Tag Archives: zionism

The Last Days … According to Jesus

R.C. Sproul (1939-2017), on camera, recording one his many Ligonier conference sessions, back in 1985.

R.C. Sproul, who died in 2017, was one of the world’s most beloved Bible teachers. What a lot of people do not know, is that he held to a rather unconventional view of the “End Times.”

Most evangelical Christians today, at least in America, hold to some form of futurism, when it comes to prophecy regarding the “last days,” as taught in the New Testament, particularly with respect to the Book of Revelation. Futurism is the view that most of the prophecies regarding the “last days” have yet to be fulfilled. For example, events like the so-called “Rapture” of the church, the coming of “Antichrist,” and the “Great Tribulation” are events that will happen sometime in the future, along with the Second Coming of Christ and the resurrection of the dead.

When I was growing up, in the 1970s and 1980s, futurism got a major boost from blockbuster books, like Hal Lindsey’s The Late Great Planet Earth. Young people today have found out about futurism through Tim LaHaye’s Left Behind book series and movies.

R. C. Sproul, on the other hand, offered what he called a “minority report,” with respect to the “last days.” Sproul favored a view known as preterism, which simply means “past.” A preterist is simply someone who believes that most of the prophecies for the “last days” have already been fulfilled, mainly in the first century.

However, some people get confused as to what preterism really means. In his book and audio class, The Last Days According to Jesus, R. C. Sproul makes a distinction between what is called partial preterism and full preterism. Sproul adopts the particular view of partial preterism, which teaches that nearly all of the “last days” prophecies were already fulfilled in the first century on the church, EXCEPT for primarily the Second Coming of Christ and the resurrection of the dead, which are still off in the future.

This is contrast with the idea of full preterism, or what some call hyperpreterism, which bizarrely teaches that even the Second Coming and the resurrection of the dead already happened, in the first century of the church. Uh…. how did we miss that? Well, this erroneous idea is why full preterism is considered to be a heresy, rejected by all orthodox-believing Christians.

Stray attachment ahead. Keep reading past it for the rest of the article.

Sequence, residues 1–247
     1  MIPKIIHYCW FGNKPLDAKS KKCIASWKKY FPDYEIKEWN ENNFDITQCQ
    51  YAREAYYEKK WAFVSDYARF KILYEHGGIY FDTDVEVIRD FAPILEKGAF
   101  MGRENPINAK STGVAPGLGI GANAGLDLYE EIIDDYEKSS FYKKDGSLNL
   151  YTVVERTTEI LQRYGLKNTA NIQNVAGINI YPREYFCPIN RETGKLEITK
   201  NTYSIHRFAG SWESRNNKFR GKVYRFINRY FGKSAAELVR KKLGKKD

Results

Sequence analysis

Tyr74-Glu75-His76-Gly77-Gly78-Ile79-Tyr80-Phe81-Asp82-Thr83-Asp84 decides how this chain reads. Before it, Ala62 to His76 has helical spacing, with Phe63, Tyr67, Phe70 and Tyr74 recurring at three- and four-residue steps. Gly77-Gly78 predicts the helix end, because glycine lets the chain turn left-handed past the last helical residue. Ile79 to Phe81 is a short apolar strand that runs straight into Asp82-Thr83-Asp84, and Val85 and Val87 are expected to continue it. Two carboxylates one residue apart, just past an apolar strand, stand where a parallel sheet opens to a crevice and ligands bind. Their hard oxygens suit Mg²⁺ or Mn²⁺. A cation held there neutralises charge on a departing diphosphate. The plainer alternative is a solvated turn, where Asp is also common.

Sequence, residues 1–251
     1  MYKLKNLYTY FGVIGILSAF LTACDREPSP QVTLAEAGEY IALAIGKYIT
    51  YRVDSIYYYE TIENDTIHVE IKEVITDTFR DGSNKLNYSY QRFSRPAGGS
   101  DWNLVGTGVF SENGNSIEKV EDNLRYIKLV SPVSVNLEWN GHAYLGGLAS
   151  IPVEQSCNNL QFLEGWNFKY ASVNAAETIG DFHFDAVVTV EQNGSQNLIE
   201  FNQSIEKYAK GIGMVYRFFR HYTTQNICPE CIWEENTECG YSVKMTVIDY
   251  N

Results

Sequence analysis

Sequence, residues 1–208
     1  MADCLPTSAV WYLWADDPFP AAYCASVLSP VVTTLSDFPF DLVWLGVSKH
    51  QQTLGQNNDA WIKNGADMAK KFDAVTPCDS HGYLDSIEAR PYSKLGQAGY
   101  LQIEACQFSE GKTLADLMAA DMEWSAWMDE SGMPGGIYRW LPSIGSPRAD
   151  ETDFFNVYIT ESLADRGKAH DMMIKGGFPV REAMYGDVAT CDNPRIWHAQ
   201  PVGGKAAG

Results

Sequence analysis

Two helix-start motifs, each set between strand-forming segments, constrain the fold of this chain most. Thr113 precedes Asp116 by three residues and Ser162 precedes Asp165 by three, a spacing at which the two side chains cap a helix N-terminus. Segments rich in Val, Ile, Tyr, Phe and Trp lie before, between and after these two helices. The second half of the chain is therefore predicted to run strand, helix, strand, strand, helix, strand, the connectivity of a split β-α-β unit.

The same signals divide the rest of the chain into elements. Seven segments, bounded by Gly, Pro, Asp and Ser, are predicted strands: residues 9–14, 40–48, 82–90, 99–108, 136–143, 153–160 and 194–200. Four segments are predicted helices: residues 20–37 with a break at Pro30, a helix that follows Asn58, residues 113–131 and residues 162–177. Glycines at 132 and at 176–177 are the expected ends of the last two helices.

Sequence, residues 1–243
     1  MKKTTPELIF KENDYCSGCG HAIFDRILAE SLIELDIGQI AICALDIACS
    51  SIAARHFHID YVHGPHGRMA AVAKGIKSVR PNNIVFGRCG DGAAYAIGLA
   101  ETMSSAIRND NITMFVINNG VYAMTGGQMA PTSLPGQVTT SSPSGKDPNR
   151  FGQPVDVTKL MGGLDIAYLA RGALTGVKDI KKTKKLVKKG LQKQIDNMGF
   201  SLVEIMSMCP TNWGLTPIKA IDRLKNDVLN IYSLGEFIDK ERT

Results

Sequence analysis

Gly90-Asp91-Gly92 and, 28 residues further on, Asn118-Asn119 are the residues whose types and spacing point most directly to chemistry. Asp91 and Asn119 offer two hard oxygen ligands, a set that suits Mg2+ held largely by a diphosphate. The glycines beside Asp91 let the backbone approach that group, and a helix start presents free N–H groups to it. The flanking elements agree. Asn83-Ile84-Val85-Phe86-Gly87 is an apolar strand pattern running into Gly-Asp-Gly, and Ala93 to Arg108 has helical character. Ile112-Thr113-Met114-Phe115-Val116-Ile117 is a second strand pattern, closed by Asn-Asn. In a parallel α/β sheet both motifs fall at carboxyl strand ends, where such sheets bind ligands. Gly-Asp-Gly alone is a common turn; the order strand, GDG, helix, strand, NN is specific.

So, why does R. C. Sproul believe that more Christians should reconsider partial preterism as a legitimate view of the “last days?” The main reason is concerning Christian apologetics.

Prominent skeptics and critics of Christianity, from the famous British mathematician, Bertrand Russell, to the UNC Chapel Hill evangelical-turned-skeptic religion professor, Bart Ehrman, have believed that the New Testament predicted that the “end of the world” would come within the lifetime of the apostles. But, of course, as we all know, that did not happen. Therefore, these critics of Christianity therefore claim the Christian faith to be false. Critics, like Russell and Ehrman, have shaken the faith of many, less-than-grounded Christians for well over one hundred years.

Where do they get this idea? The charge comes from examining the very words of Jesus, as found in Matthew 24. In this passage, Jesus is giving a sermon on the Mount of Olives, commonly called the “Olivett Discourse,” whereby he describes events that many say have the sense of predicting the end of the world. “You will hear wars and rumors of wars” (v. 6), “there will be famines and earthquakes in various places“(v.7), “lawlessness will be increased, the love of many will grow cold” (v.12), and “they will see the Son of Man coming on the clouds of heaven” (v. 30).

With the yet-future exception of the Son of Man coming on the clouds, these sound like the conditions we experience almost on a daily basis in post-modern America, and across the globe, and countless sermons I have listened to link these signs with an expectation of Christ’s near return.

But the controversial verse is found just before the end of the sermon:

” Truly, I say to you, this generation will not pass away until all these things take place.“(Matthew 24:34 ESV)

So, if Jesus is teaching that everything will be fulfilled in “this generation,” would it not make sense that everything should take place within the lifetime of Jesus’ first disciples? Is not this the most literal and straight forward reading of the text? Bertrand Russell and Bart Ehrman certainly think so.